24. Mr. Nageshwar Rao, who appeared for the Appellants in C. A. No. 3356 of 1998, supported Mr. Sharma in all his submissions. He, however, submitted that the High Court was wrong in setting aside the directions regarding regularisation of service. He submitted that the concession which had been made before the High Court had not been made on behalf of his clients and his clients could not be held to be bound by such concession. He submitted that in any case the Deposit Collectors should get the pay scales, allowance and other service conditions of the other employees of the banks. He submitted that even though the Deposit Collectors may not have been absorbed as regular employees of the banks, yet they should have been granted the pay scales, allowance and other service conditions of the employees of the banks. He submitted that most of these Deposit Collectors had been working for 20 to 25 years and that there was nothing wrong if they were either absorbed in the banks or given the pay scales, allowances and other service conditions of the other employees of the banks.
25. We have considered the rival submissions. In our view, Mr. Sharma was right when he submitted that on the basic of evidence before it the Tribunal has given findings of fact that the Deposit Collectors were workmen within the meaning of Section 2(develop) of the Industrial Disputes Act. On the evidence on record it could not be said that this finding was unsustainable. Having been shown the relevant evidence we are also of the opinion that the Tribunal correctly arrived at a conclusion that these Deposit Collectors were workmen.
26. Further, as seen from Section 2(rr) of the Industrial Disputes Act, the commission received by Deposit Collectors is nothing else but wage, which is dependent on the productivity. This commission is paid for promoting the business of the various banks.
27. We also cannot accept the submission that the banks have no control over the Deposit Collectors. Undoubtedly, the Deposit Collectors are free to regulate their own hours of work, but that is because of the nature of the work itself. It would be impossible to fix working hours for such Deposit Collectors because they have to go to various depositors. This would have to be done at the convenience of the depositors and at such times as required by the depositors. If this is so, then no time can be fixed for such work. However, there is control inasmuch as the Deposit Collectors have to bring the collections and deposit the same in the banks by the very next day. They have to then fill in various forms, accounts, registers and pass books. They also have to do such other clerical work as the bank may direct. They are, therefore, accountable to the bank and under the control of the bank.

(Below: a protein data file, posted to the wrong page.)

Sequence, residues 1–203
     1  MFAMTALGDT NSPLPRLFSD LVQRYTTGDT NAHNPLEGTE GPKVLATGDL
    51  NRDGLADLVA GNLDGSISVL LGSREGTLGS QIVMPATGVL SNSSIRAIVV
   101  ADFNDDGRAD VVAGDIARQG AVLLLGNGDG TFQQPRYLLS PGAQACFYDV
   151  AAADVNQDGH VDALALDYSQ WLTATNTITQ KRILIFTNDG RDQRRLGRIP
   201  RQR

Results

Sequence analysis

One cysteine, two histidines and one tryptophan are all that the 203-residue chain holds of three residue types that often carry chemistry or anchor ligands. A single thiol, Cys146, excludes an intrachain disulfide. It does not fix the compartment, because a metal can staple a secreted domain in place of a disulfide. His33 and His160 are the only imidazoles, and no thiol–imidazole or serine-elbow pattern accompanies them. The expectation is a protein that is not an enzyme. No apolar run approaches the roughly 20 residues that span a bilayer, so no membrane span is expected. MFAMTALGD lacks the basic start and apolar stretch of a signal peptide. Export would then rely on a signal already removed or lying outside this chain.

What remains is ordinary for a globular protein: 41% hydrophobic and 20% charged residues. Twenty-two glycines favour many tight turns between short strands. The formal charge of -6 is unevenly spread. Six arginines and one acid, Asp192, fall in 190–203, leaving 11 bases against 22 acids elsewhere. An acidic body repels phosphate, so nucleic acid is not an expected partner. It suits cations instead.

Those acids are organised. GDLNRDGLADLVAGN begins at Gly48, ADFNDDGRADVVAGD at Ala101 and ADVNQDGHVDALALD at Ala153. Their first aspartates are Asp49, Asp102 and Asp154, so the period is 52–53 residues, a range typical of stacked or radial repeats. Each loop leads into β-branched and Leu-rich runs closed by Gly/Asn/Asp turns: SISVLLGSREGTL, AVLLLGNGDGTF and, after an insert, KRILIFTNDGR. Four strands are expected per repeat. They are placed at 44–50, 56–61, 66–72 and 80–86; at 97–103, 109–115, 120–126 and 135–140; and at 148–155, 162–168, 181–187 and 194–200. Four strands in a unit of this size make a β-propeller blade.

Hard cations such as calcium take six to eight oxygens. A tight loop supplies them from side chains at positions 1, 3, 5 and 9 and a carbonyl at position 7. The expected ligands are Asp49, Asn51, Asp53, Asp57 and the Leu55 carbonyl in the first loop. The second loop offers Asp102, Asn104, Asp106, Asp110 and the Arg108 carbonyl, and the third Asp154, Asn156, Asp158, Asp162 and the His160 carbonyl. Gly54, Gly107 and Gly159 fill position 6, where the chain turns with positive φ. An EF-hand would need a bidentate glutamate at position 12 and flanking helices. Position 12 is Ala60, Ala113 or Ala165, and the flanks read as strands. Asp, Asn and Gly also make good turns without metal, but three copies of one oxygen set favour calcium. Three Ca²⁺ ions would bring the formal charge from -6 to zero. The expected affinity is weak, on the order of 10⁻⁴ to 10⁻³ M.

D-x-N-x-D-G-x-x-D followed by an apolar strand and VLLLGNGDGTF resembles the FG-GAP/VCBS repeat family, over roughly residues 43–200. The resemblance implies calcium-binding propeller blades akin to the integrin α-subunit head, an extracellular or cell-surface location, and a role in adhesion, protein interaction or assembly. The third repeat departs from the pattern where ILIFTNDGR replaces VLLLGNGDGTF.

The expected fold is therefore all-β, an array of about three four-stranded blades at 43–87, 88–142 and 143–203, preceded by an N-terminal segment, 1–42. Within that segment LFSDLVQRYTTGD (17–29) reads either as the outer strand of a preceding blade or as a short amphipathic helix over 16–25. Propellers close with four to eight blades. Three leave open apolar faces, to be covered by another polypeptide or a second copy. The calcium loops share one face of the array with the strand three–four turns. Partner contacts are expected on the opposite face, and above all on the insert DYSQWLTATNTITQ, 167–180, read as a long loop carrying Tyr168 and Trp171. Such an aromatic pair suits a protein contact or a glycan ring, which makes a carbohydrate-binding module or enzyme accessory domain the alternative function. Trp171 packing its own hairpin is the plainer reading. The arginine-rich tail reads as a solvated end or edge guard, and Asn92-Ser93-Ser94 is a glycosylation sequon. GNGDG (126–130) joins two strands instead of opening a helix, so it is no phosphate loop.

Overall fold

28. We also see no force in the contention that Section 10 of the Banking Regulations Act prevents employment of persons on commission basis. The proviso to Section 10 makes it clear that commission can be paid to persons who are not in regular employment. Undoubtedly the Deposit Collectors are not regular employees of the Bank. But they nevertheless are workers within the meaning of the term as defined in the Industrial Disputes Act. There is clearly a relationship of master and servant between the Deposit Collectors and the concerned Bank.
29. Mr. Nageshwar Rao is right in his submission that the concession was not binding on his clients. However, what has been conceded has been correctly conceded. No question arose of directing absorption of the Deposit Collectors as regular workmen. No such demand had been made and, therefore, there could have been no such direction. Such directions were beyond the reference. Even otherwise, the question of absorption would be fully covered by an authority of this Court in the case of Union of India & Ors. v. K. V. Baby & Anr. reported in (1999) 1 LLJ 1290. In this case it has been held that persons who are engaged on the basis of individual contracts to work on commission basis cannot be equated with regular employees doing similar work. It has been held that the mode of selection and qualifications are not comparable with those of the employees, even though the employees may be doing similar works. In the present case, not only are the modes of selection and qualifications not comparable, but even the work is not comparable. The work which the Deposit Collectors do is completely different from the work which the regular employees do. There was thus no question of absorption and there was also no question of the Deposit Collectors being paid the same pay scales, allowances and other service conditions of the regular employees of the banks.
30. We also see no substance in the contention that these Schemes are un-remunerative. The Banks have introduced these Schemes because they want to encourage the common man to make small and regular deposits. As a result of such Schemes, the number of depositors have become much larger. We have no doubt that such Schemes are continued because the Banks find them remunerative. The Banks have large collections through such Schemes.
31. For the reasons set out hereinabove, we see no substance in any of these Appeals. All the Appeals accordingly stand dismissed. There will, however, be no Order as to costs.